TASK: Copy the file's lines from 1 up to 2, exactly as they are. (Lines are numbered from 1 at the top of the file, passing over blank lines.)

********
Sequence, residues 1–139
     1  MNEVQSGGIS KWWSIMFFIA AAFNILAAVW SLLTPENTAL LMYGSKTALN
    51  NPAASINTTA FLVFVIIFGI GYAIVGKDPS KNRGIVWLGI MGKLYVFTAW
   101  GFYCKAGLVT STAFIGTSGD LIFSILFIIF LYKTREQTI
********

Sequence, residues 1–139
     1  MNEVQSGGIS KWWSIMFFIA AAFNILAAVW SLLTPENTAL LMYGSKTALN